Raiders of the Lost Franchise: The Land that Time Forgot
My friend Lucy is doing a Halloween-month series of posts about the Amicus anthology horrors from the ’70s, and talking about the Amicus films, I remembered a pillar of my young education – the Amicus productions of the Edgar Rice Burroughs Novels, The Land that Time Forgot and The People that Time Forgot, plus At The Earth’s Core.
All three movies were directed by Kevin Connor and featured Doug McClure.
So I went and re-watched The Time that Land Forgot, the first and certainly the best of the three movies.
The film was adapted from the first in the three Caprona novels by ERB, and the script for the film was written by no less than Michael Moorcock and James Cawthorn. Apparently the Burroughs estate had explicitly asked for Moorcock – maybe because in his youth he’d be the editor of the magazine Tarzan Adventures.
What struck me in particular on this umpteenth re-watch was how solid the movie was given its tragically low budget. True, the pterodactyls that appear on screen 37 minutes into the action as extremely embarrassing, but apart for some of the creature effects, there’s nothing wrong with this film. The script is fine, the direction is intelligent without being anything particularly new. The submarine scenes are quite good and exciting, and the cast is top notch.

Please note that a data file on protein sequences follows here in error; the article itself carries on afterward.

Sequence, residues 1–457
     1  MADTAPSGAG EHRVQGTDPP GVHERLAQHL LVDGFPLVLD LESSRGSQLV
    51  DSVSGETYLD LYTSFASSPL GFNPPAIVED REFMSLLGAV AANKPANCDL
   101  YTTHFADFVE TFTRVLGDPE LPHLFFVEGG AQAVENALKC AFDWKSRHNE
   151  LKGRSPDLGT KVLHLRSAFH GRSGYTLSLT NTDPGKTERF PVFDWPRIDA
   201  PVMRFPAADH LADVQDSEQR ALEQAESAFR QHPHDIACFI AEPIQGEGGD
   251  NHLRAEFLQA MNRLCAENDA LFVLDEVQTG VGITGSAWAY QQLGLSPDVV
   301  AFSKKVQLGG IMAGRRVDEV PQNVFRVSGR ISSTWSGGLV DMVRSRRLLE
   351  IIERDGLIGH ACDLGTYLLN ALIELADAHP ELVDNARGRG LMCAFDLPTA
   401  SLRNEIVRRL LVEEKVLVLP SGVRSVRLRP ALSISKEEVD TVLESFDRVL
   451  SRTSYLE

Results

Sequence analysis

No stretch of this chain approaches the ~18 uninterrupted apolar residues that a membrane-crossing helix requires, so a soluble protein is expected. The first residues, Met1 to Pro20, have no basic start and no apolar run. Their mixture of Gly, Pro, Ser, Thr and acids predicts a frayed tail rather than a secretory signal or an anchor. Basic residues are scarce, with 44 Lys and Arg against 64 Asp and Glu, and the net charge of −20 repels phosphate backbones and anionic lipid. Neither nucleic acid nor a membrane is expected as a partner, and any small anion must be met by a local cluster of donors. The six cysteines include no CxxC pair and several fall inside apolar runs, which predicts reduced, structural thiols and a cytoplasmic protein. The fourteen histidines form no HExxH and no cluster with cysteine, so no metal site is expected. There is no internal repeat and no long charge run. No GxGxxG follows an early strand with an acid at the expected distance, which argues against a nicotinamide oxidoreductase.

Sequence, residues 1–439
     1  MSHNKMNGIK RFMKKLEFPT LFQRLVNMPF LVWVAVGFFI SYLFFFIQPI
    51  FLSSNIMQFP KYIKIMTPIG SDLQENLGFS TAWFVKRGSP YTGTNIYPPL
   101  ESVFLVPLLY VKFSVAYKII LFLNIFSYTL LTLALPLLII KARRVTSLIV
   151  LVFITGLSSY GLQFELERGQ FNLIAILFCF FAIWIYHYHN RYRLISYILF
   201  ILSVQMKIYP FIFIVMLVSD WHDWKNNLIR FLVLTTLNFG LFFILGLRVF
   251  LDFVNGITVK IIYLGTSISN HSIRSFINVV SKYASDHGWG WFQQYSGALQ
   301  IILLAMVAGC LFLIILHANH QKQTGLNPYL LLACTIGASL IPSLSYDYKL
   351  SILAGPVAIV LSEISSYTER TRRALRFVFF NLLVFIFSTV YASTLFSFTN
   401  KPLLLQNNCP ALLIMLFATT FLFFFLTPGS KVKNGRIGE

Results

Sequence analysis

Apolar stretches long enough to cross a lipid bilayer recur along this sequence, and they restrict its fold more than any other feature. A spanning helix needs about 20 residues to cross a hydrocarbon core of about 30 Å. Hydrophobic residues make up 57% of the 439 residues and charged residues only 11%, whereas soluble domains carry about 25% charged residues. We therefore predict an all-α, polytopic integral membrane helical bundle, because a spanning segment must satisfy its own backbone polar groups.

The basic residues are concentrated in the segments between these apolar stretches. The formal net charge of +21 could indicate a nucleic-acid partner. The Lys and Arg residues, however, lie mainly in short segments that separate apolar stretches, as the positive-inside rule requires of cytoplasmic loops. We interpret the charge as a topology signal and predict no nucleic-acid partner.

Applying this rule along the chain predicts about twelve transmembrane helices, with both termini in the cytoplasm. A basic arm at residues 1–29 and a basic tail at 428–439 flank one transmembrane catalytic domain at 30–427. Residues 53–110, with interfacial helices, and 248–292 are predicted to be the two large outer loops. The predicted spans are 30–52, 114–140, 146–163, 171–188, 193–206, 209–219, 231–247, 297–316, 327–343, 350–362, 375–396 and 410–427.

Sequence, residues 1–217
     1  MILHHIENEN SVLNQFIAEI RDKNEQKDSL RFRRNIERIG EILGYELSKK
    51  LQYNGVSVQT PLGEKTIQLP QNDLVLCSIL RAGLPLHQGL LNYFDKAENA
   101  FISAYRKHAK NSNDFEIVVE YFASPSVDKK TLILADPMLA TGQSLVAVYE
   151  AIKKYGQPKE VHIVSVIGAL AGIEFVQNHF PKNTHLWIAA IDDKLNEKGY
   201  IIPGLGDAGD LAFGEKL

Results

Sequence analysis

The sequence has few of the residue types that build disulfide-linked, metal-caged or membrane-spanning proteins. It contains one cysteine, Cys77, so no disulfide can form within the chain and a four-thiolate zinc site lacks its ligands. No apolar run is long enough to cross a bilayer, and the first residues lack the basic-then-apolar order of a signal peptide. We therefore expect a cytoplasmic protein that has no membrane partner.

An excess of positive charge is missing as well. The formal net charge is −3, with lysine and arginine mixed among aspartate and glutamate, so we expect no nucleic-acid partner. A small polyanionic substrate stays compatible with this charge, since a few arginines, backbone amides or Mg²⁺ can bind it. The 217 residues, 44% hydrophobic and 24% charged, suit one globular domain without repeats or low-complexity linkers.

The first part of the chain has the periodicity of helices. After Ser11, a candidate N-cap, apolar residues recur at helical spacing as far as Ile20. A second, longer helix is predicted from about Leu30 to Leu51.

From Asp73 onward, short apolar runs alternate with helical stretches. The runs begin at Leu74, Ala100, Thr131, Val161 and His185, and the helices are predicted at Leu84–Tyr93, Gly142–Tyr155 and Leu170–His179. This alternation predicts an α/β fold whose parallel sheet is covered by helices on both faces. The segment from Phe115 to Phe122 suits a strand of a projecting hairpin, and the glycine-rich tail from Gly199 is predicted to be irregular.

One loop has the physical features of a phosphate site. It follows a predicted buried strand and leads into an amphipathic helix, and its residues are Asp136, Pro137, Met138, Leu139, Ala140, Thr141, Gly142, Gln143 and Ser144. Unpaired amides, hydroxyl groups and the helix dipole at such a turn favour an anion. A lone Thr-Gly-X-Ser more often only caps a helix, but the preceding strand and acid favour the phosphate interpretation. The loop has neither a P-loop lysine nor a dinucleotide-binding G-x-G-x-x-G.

Doug McClure was an actor specializing in westerns and adventure features, and he was at the same time rock-solid and charming – a combination that’s exactly what’s needed if one is trying to tell a story with cavemen, dinosaurs, a mysterious island and German sailors. A nice guy punching the bad guys sort of eases the viewer into the much needed suspension of disbelief.
Yet something did not click. Yeah, the effects were cheap and often ridiculous, and there were some problems on the set according to Moorcock’s memories of the shooting. And maybe dinosaurs and cavemen on mysterious islands were a hard sell in 1975.
Or maybe not – De Laurentiis’ King Kong would hit the screens the following year, and Skull Island is certainly a close kin (if not a straight out derivate) of Burrough’s Caprona.
The budget was certainly the greatest problem.
And yet an abortive franchise was launched – and of the three Caprona novels, the second also was shot, with Connor at the helm, McClure in a supporting role, and no longer Moorcock at the script. I’ll do a post on that one, too.
The third novel’s adaptation never emerged out of time’s abyss, and so the franchise sank.
Given the poor results of the adaptation of the first David Innes novel, At the Earth’s Core, any attempt on the part of Amicus of developing a Burroughs-verse went belly up. Plans to do a series of John carter movies never materialized, and shortly afterwards Amicus was no more.